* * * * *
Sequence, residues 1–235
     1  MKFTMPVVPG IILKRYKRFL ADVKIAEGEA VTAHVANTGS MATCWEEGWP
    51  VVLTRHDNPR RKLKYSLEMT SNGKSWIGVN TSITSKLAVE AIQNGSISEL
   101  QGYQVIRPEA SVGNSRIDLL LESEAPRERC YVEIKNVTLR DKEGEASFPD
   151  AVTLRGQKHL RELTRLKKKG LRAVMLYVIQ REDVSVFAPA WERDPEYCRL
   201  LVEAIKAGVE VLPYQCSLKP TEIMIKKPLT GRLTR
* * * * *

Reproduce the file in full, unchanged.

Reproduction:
Sequence, residues 1–235
     1  MKFTMPVVPG IILKRYKRFL ADVKIAEGEA VTAHVANTGS MATCWEEGWP
    51  VVLTRHDNPR RKLKYSLEMT SNGKSWIGVN TSITSKLAVE AIQNGSISEL
   101  QGYQVIRPEA SVGNSRIDLL LESEAPRERC YVEIKNVTLR DKEGEASFPD
   151  AVTLRGQKHL RELTRLKKKG LRAVMLYVIQ REDVSVFAPA WERDPEYCRL
   201  LVEAIKAGVE VLPYQCSLKP TEIMIKKPLT GRLTR